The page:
|Publication number||US4809477 A|
|Application number||US 07/058,862|
|Publication date||Mar 7, 1989|
|Filing date||Jun 5, 1987|
|Priority date||Jun 5, 1987|
|Publication number||058862, 07058862, US 4809477 A, US 4809477A, US-A-4809477, US4809477 A, US4809477A|
|Inventors||David A. Gasser|
|Original Assignee||G.B.R. Enterprises|
|Export Citation||BiBTeX, EndNote, RefMan|
|Patent Citations (5), Referenced by (21), Classifications (12), Legal Events (5)|
|External Links: USPTO, USPTO Assignment, Espacenet|
This invention relates to fastener assemblies useful for connecting adjacent laminate layers into unitary laminations. More particularly, this invention relates to fastener assemblies designed for connecting laminate layer components employed in constructing lightweight roofs in such a way as to provide an inseparable roofing structure. Specifically, this invention relates to fastener assemblies useful for connecting insulation to lightweight roofing decks, comprising toggle bolts locked to flanged cap nuts with keeper nuts, thereby preventing the inadvertant backthreading and loosening of the toggle bolts.
With the discovery of new synthetic roofing materials, the trend of the roofing industry has been to fabricate roofs, particularly flat, membrane covered roofs, from lightweight, structural components. Such construction produces less expensive roofs, and since the components exhibit relatively high strength per unit of structure weight, the roofs are capable of supporting greater working loads, for example, snow loads, and therefore, have become very popular. Typically, such roofing structures consist of a supporting framework on which is disposed a layer of decking material, and a layer of insulation fastened on top thereof. A weatherproof roofing material, often a synthetic, elastomeric membrane, is then attached to the lamination, completing the roofing structure. Such structures not only protect the interior of the building from the elements, but are relatively inexpensive, light, strong and durable.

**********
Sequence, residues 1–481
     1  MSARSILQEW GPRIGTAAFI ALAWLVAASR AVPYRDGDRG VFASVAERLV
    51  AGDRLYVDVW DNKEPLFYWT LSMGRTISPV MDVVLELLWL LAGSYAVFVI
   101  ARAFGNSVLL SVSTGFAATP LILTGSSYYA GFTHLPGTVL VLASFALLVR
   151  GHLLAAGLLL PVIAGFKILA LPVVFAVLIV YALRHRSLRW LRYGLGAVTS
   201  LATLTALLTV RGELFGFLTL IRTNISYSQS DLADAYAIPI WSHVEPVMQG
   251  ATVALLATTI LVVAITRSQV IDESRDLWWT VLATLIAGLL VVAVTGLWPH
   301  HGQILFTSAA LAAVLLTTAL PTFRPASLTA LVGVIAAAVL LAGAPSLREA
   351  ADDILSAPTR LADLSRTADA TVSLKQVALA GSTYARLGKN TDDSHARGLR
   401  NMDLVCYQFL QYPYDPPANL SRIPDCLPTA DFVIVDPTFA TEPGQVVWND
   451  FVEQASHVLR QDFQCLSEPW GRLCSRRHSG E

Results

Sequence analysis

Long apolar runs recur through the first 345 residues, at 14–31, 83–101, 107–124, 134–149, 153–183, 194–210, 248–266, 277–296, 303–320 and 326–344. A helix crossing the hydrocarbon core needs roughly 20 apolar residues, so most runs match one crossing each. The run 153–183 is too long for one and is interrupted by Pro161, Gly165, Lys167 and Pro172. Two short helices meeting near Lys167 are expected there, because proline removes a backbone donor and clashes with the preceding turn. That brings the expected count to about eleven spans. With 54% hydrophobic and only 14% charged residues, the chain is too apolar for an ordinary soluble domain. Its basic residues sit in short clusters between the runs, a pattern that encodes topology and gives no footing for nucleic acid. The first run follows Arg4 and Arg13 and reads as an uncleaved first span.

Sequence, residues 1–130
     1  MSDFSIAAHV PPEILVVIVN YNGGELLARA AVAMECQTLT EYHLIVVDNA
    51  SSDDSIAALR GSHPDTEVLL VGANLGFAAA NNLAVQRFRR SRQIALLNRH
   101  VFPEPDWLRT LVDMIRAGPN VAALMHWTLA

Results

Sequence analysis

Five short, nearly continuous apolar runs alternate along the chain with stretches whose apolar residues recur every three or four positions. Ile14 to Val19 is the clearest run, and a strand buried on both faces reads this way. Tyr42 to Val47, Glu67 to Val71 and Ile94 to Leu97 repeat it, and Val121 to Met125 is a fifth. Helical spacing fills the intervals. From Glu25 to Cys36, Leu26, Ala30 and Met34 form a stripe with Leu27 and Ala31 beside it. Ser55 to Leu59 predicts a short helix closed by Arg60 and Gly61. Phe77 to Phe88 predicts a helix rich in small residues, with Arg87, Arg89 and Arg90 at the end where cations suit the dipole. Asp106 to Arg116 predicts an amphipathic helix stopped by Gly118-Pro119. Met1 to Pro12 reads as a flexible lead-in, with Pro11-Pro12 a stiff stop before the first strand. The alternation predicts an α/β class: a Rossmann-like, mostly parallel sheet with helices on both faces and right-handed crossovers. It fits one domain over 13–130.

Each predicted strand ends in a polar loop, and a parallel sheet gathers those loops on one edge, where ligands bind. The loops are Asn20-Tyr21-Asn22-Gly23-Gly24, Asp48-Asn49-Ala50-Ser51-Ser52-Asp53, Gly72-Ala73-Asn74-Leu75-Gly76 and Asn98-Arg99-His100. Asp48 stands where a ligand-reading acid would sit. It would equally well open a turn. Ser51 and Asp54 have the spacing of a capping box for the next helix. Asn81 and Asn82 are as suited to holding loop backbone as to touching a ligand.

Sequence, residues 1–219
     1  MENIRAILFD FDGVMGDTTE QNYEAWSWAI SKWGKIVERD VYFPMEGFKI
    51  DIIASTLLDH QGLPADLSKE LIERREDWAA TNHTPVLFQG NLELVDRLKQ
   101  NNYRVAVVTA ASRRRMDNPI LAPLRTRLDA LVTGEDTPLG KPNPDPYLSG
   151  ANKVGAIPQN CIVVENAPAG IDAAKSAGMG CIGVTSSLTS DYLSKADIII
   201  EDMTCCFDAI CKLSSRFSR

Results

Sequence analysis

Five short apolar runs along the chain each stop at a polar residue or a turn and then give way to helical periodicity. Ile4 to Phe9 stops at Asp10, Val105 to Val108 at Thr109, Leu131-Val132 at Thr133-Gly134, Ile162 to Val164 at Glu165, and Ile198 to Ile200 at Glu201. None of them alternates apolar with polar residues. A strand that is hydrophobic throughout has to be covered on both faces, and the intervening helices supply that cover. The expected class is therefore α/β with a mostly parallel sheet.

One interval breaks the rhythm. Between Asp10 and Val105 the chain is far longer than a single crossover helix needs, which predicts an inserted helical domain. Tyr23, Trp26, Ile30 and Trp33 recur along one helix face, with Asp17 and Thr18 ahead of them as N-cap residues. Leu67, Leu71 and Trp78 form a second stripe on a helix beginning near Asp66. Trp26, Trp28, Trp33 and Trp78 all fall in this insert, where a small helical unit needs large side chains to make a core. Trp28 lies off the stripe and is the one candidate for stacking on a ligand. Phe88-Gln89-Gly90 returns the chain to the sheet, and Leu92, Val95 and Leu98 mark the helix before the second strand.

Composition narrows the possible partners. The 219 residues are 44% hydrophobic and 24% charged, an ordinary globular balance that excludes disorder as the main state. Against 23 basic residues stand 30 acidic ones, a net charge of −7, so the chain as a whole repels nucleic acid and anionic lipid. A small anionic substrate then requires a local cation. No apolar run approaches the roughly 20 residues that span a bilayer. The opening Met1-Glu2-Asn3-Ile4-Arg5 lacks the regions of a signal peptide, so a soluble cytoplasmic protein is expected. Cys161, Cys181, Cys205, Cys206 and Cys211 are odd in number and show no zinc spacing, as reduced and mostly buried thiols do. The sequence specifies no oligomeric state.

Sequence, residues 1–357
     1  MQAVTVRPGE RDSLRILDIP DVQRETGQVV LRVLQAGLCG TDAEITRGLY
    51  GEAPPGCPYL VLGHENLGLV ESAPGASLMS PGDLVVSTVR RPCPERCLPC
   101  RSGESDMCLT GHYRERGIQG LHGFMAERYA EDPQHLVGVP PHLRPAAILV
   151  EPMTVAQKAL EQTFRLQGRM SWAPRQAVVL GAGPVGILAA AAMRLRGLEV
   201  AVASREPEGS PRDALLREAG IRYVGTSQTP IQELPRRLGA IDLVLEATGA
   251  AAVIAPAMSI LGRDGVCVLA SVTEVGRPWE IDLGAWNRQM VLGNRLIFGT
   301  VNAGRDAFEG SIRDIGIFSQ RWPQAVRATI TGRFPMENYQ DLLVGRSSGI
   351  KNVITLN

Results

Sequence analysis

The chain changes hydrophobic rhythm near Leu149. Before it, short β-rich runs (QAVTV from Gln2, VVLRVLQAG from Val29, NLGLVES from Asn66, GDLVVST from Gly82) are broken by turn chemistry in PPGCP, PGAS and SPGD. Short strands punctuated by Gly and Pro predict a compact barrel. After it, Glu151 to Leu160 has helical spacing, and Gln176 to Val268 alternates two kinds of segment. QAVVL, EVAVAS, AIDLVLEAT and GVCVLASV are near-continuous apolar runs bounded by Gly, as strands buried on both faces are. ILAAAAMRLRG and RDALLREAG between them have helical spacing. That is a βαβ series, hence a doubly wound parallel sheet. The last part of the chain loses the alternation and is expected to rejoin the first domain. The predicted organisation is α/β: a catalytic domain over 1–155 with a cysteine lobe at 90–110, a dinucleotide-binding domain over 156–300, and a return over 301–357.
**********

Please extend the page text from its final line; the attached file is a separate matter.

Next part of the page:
Various methods have been proposed for fastening the insulation layer to the decking material, but for a variety of reasons, these have largely been unsatisfactory. It has been found, for instance, that the fasteners commonly employed tend to loosen, allowing the laminate layers forming the roofing structure to separate, ultimately compromising the ability of the roof to protect the building from the elements.
In view of the foregoing, therefore, it is a first aspect of this invention to provide fastener assemblies capable of securely connecting adjacent laminate layers.
A second aspect of this invention is the provision of fastener assemblies that include a positive locking feature capable of inseparably connecting laminate layers together.